Wednesday, August 08, 2012

Scott Kelly and The Road Home: The Forgiven Ghost in Me (2012)

Misery Loves Accompaniment

By now you already know I'm a big fan of the style that I call "dark Americana." I use that as an umbrella term for a vibe more than a particular genre, but it includes mostly folk, country, blues, and a little bit of rock. Neurot is a label that's been at the forefront of this sound, releasing solo albums from Neurosis legends Steve Von Till and Scott Kelly, among others.

The Forgiven Ghost in Me is the latest of these offerings, and the third Scott Kelly solo full-length. This time around the artist is identified as Scott Kelly and The Road Home, referring to the presence of backing musicians. Which is not to say that prior album The Wake was only acoustic guitar and vocals, but all of them were handled by Kelly himself. Now there is help from others, and the difference is quite positive.

Until now I've held Kelly to be on a lower level from similar artists. His voice simply has less variation than that of Steve Von Till or Nate Hall, and as a result a full album of his work could become tiresome. But the additional musicians have brought him to the next level. It remains at its core a man on a stool with a six-string and mike, but better ornamented. The difference is of the same kind, but not quite as stark as, Johnny Cash's transition from American Recordings to Unchained.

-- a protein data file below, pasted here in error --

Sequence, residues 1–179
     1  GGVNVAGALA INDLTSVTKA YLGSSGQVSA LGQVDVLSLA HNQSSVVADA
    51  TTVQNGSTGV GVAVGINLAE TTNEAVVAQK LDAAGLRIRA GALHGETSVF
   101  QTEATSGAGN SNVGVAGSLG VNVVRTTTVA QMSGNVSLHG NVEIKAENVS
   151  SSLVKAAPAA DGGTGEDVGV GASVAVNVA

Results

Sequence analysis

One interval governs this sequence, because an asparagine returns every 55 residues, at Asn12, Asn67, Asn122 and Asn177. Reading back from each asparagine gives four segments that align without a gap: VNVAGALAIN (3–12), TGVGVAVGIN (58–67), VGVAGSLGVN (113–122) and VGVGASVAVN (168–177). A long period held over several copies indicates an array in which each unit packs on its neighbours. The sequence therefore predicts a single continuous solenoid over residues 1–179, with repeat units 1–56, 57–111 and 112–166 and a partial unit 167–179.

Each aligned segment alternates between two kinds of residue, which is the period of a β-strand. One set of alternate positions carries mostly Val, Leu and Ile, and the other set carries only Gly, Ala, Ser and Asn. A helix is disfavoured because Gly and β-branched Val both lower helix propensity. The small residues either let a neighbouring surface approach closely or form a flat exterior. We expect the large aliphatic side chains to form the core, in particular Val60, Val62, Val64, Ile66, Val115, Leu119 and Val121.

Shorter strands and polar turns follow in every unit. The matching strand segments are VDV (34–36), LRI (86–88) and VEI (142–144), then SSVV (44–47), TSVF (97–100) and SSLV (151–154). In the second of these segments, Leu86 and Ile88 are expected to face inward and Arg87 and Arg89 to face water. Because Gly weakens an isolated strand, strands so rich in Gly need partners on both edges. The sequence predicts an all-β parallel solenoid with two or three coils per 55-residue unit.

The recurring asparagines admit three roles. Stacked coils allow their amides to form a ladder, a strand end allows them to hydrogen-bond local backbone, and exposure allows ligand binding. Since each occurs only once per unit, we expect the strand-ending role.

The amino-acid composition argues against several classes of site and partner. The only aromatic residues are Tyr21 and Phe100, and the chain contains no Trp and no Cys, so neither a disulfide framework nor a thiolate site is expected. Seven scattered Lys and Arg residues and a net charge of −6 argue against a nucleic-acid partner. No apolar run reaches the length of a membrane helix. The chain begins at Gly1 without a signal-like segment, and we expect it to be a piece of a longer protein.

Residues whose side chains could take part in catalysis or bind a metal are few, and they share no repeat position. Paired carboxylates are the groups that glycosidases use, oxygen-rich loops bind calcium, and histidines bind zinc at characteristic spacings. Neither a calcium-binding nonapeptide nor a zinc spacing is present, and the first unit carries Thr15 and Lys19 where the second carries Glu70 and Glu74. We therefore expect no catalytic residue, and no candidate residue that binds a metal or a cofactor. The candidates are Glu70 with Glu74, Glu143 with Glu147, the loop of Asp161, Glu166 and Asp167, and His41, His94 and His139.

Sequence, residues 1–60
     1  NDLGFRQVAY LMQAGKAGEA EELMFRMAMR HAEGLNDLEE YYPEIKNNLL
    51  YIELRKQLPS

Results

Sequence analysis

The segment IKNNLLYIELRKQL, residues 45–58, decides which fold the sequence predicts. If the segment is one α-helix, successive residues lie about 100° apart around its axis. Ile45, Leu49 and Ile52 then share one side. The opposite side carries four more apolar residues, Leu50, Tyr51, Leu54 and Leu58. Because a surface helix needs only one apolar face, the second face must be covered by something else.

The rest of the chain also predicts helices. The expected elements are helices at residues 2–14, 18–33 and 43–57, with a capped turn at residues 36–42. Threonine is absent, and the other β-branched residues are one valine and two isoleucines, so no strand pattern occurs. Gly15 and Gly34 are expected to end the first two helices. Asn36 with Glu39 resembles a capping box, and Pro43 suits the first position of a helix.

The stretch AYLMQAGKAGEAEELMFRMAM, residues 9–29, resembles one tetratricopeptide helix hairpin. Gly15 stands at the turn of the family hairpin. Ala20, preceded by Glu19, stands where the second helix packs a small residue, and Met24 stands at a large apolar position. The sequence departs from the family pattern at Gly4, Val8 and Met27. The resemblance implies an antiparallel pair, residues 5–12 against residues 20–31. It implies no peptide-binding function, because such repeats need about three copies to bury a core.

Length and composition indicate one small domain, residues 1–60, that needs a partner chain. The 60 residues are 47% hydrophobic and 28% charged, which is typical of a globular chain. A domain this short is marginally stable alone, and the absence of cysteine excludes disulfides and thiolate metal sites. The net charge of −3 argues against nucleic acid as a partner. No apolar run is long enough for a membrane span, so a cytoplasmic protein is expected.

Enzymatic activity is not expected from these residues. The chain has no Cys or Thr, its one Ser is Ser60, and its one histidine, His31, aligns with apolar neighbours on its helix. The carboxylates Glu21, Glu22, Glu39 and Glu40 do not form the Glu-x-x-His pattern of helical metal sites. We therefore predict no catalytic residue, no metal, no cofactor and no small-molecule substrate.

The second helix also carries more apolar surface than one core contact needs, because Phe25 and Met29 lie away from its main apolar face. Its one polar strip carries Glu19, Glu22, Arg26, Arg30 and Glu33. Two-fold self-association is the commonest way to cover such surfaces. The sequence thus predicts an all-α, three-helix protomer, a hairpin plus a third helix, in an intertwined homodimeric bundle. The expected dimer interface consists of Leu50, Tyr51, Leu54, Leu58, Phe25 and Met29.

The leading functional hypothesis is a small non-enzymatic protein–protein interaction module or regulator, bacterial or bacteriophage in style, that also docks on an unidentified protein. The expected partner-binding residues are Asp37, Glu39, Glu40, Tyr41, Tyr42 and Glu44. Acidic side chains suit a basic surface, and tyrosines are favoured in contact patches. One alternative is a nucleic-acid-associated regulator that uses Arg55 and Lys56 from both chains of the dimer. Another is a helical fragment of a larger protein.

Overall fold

The man and guitar could still perform these songs, and they would sound like any of his prior dark folk music. "In the Waking Hours" seems to be directly inspired by his cover of Townes Van Zandt's "Tecumseh Valley," and anything else could have appeared on The Wake. The mix is such that you can still feel the simple song, and forget about the accompaniment if you want. It works mainly on a subconscious level: Drums, keyboards, droning/twanging electric guitar, what sounds like saxophone, and quiet vocals from Josh Graham (not all in the same song).

The Forgiven Ghost in Me is the best solo work I've heard from Scott Kelly, and a marked improvement from The Wake. It's still not the record I'd use to initiate a newcomer to the sound, but I can firmly recommend it to existing fans.

The Verdict: 4 out of 5 stars

(Sadly, this live version doesn't capture the difference.)
Buy The Forgiven Ghost in Me


  1. This dark americana vibe you talk about is all over Eagle Twin's first record. I see you've got an advanced copy of their second. I can't wait to hear that sumabitch. I'd also say that same vibe exists in Harvey Milk's 'Courtesy and Good Will Toward Men'. Ever heard that one? My mouth salivates at the thought of that record.

    Clearly, the records I've mentioned do not fall under the category you've described, but I think if the pounding doom guitars were replaced with pounding acoustic guitars, you'd have a pretty good match.

  2. I'm still wrapping my head around the new Eagle Twin, so I don't want to say anything that I'm going to go back on later. I never did hear the first one, nor anything by Harvey Milk.

    I have definitely heard the vibe in metal releases, like Across Tundras, Panopticon, and Bloodiest. The latter two have released some of my favorite albums of the last few years.